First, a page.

Answer: You must regularly follow up for assessment and intervention until they are complete.
Answer: He/She will take time to realize even that he/she must respond to sounds. He/She must also associate the sound of his/her name to himself & understand that he/she is being called. This takes time as it involves the ability to discriminate between different sounds & identify a particular sound (his/her name). This is the reason why he/she does not turn around if you call him by name.
Answer: A cochlear implant is a prosthetic device, which is meant for people with severe to profound sensorineural hearing loss who do not get adequate benefit from hearing aids. An implant directly stimulates the nerve cells in the cochlea via an electrical current whereas a hearing aid provides amplified sound to the ear. An implant needs to be fixed through surgery. Detailed assessments are necessary before deciding whether a child is a suitable candidate for a cochlear implant. An implant does not cure the hearing loss. The child has to wear an instrument, which is visible externally. He/She will also have to under go intervention to improve speech & language abilities.
Answer: Every child with hearing impairment must have access to education and it is his/her right. The placement will depend on the individual child's abilities, which are determined through assessment. A special educator can tell whether the child needs to go to a special school or whether he/she can attend a regular/normal school. This decision is important because the correct school placement determines how the child's future progress will take place. Many children with hearing impairment, who have good language abilities go to regular schools & perform well. However if a child has difficulties coping up with the regular curriculum he/she would benefit from a special school where teachers are trained to handle such children or continue at a regular school with extra help from a special educator. Refer to ‘Educational Services’ for more details.
Answer: We consider parents as partners in our intervention program. Parents are after all the child's first teachers. The emotional bonding between a parent and child is very strong and should be nurtured. In children with hearing impairment the parents do have a task of trying to understand the child's needs when he/she can not speak comprehensibly. This bond helps in the learning situation as well. Children love to have parents spending time with them and they in turn make efforts to please the parents. Parents can help the child immensely through the difficult phase of hearing aid acceptance, speech and language learning and auditory training. After all the young child spends maximum time at home even if he/she goes to a center for intervention. It is important that the parent tries to carry over the activities at home as advised by the teacher/therapist. Parents must watch the intervention sessions carefully and try to do similar activities at home.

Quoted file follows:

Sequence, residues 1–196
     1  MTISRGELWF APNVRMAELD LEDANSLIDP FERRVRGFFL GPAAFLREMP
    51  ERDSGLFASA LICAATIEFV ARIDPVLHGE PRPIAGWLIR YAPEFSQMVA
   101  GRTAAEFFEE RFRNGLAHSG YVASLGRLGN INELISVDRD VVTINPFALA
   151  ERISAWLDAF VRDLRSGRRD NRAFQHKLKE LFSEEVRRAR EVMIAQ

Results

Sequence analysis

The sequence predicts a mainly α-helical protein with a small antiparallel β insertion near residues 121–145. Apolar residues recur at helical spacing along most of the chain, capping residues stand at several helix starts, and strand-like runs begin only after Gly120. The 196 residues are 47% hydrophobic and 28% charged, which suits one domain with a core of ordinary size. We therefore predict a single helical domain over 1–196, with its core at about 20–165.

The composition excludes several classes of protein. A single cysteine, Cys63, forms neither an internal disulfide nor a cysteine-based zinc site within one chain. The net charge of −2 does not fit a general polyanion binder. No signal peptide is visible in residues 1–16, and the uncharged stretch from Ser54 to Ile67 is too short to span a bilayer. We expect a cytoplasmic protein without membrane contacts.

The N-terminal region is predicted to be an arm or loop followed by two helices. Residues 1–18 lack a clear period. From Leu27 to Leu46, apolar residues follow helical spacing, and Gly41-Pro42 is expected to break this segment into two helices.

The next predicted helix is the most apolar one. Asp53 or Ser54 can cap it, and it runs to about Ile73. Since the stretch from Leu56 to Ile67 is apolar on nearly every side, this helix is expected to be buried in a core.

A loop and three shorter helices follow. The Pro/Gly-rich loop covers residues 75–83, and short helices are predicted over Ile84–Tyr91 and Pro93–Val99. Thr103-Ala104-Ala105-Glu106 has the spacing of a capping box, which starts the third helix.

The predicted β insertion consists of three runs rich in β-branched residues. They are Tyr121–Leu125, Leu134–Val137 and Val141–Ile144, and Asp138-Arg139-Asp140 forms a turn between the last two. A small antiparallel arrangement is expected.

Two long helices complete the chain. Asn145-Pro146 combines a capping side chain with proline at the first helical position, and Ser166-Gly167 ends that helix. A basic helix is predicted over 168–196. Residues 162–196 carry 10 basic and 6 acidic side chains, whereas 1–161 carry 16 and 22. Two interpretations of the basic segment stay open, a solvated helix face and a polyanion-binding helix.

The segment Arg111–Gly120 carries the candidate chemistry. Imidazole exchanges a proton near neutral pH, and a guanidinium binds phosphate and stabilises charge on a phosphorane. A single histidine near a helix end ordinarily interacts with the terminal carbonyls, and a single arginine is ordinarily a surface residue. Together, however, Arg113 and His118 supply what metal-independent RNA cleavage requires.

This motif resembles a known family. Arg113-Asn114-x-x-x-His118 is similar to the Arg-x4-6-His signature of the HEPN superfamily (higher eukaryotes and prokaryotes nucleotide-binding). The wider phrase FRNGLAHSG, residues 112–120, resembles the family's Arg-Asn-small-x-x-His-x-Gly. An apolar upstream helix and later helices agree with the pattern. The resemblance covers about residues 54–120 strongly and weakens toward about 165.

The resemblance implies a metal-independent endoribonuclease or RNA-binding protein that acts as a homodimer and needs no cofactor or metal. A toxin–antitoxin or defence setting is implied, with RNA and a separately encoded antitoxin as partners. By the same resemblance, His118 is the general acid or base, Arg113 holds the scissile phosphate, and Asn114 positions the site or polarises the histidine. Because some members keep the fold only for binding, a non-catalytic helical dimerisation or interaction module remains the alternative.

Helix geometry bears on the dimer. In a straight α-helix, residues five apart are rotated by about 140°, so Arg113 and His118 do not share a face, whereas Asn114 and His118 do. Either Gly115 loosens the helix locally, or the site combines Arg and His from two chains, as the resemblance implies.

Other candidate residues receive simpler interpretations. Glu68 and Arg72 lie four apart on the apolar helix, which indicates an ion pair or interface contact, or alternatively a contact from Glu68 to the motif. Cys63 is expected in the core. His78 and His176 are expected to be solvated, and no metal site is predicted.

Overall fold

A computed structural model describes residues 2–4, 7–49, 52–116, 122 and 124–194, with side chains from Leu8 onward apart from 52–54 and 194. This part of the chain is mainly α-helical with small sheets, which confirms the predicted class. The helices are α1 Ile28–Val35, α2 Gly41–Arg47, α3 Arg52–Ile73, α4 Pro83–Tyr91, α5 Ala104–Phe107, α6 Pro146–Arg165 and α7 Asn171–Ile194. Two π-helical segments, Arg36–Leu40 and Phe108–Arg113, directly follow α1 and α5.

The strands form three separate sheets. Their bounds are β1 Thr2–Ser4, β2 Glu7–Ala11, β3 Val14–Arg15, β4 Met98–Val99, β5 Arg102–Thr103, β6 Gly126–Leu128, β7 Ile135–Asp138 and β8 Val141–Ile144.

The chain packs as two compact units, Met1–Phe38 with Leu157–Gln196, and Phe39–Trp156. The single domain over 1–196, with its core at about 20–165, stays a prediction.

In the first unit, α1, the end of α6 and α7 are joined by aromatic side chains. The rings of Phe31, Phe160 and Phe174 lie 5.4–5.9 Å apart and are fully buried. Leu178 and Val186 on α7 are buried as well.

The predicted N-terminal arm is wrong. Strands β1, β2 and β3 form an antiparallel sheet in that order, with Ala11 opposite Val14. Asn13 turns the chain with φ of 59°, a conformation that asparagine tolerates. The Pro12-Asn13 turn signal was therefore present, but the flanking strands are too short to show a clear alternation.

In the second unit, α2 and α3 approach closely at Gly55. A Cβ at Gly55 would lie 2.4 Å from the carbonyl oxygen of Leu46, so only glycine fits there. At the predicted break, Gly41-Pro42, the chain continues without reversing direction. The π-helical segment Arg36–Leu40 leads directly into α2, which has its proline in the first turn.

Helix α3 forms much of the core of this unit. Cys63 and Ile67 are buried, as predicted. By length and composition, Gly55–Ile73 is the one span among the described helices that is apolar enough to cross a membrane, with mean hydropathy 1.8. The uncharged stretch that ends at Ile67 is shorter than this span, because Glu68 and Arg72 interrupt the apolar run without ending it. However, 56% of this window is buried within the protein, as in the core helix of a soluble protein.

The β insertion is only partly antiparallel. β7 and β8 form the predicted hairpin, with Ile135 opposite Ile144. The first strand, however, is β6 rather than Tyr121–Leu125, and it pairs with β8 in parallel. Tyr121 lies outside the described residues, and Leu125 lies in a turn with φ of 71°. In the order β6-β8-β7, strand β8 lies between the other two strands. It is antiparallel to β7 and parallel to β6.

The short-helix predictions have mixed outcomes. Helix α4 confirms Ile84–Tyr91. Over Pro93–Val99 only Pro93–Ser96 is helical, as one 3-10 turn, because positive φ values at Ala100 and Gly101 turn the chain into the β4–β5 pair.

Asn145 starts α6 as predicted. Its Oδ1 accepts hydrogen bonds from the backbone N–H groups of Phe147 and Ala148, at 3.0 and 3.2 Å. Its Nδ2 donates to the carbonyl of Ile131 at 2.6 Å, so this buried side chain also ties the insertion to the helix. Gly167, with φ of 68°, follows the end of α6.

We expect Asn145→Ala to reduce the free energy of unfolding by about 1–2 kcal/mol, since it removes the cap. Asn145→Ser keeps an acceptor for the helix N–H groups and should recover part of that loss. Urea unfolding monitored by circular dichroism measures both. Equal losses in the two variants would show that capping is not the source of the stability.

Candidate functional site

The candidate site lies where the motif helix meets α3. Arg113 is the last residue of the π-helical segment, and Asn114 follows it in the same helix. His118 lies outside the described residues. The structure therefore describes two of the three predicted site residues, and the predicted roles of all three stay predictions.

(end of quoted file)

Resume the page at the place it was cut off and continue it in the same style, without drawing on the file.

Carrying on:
Keep a diary of events and consult your therapist regularly about the activities you did and whether they were appropriate.
Answer: This is a common question especially as professionals insist that the parents must speak a lot to the child. Unfortunately what happens is that the process of speaking less to the child begins soon after the parents realise that their child does not hear. It is natural but you must make an effort to change it.
It does seem difficult to keep talking to a child who does not understand. You feel you are running out of topics. But do remember that if you speak to him he/she will also learn to speak as time goes on. However he/she must first begin to understand the language before he/she makes progress in speaking the language. He/She will show interest if you speak to him from the front. He/She will understand a lot from your facial expressions. Talk about what he/she is doing or what you are doing as it is happening. This will cue him further. Use games, photos, pictures or any objects that interest your child. Children love imitating mothers, so your daily routine activities like rolling chapaties, sorting vegetables, washing and folding clothes, dusting and cleaning are excellent opportunities to communicate and help your child learn speech and language.
Often parents find such activities frustrating mainly because at the end of the activity/day they expect the child to show a significant progress or speak something. This is impractical. Each day like this is a drop in the ocean of learning. So patience is important. Remember that this is equally difficult for your child. At the end of the day he/she does not even understand why you are not happy with him. Therefore talk to the child.
Answer: He/She can lead a normal life. He/She will have to use a hearing aid or assistive devices which will help him lead an independent life. He/She can also avail the Government facilities & concessions for disabled persons.
Answer: A person with hearing impairment can be trained for any job provided he/she has the skill for it. Early training in childhood ensures good language ability. This in turn helps the person to go to higher educational levels. There are exclusive vocational training and placement centers across the country. Refer to topic on Employment and vocational training for details.
Answer: Yes, a hearing impaired person can marry & lead a normal life. There are however some cases in which hearing loss is due to hereditary/genetic reasons. In such cases, genetic co unselling is necessary when the hearing impaired adult wants marry.
Answer: No, not unless his/her hearing impairment is due to genetic reasons. If there is a family history of hearing impairment or the person has a syndrome (eg: Wardenburg's syndrome), it is necessary to seek genetic counselling to evaluate the risk of hearing impairment in the progeny.